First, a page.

Report No. 58
Opinion of distinguished persons in democratic countries-Churchill's speech
10.10. Having summarised the position of the evidence which we have to consider in dealing with the question, and having dealt with the question whether Judges can be compared to members of the administrative service, we propose to refer to the opinion expressed by important and distinguished persons in two democratic countries, in order that our discussion in this Chapter, and the recommendations which we propose to make, should be considered by the Union Government in their proper perspective. When Churchill moved a Bill for raising the salaries of Judges in England on the 23rd March, 1954, he paid a tribute to the service rendered by Judges and bore eloquent testimony to the importance and significance of their work. Said Churchill.1
"The service rendered by Judges demands the highest qualities of learning, training and character. These qualities are not to be measured in terms of pounds, shillings and pence according to the quality of work done. A form of life and conduct far more severe and restricted than that of ordinary people is required from Judges and, though unwritten, has been most strictly observed. They are at once privileged and restricted. They have to present a continuous aspect of dignity and conduct... The Bench must be the dominant attraction to the legal profession, yet it rather hangs in the balance now, and heavily will our society pay if it cannot command the finest characters and the best legal brains which we can produce; and heavily will our country pay in an epoch where our relative material power has diminished, if we do not sustain these institutions for which we are renowned."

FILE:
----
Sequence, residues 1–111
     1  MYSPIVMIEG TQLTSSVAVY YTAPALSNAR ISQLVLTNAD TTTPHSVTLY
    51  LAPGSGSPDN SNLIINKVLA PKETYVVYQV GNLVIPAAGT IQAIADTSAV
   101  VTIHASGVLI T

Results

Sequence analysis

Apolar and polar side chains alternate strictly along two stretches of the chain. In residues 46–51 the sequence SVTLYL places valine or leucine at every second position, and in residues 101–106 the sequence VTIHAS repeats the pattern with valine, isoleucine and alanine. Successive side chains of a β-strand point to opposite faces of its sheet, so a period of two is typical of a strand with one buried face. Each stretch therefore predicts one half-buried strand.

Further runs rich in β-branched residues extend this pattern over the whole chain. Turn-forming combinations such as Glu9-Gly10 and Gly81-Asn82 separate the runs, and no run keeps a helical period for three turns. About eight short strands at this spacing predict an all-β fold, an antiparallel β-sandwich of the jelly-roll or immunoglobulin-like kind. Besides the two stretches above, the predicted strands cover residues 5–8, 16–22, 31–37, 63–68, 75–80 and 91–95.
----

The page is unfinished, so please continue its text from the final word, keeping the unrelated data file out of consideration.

In fact, like many of Churchill's utterances, this piece has attained the status of a classic.
1. H.C. Debates (23rd March, 1954), Vol. 525, Col. 1061, 1062.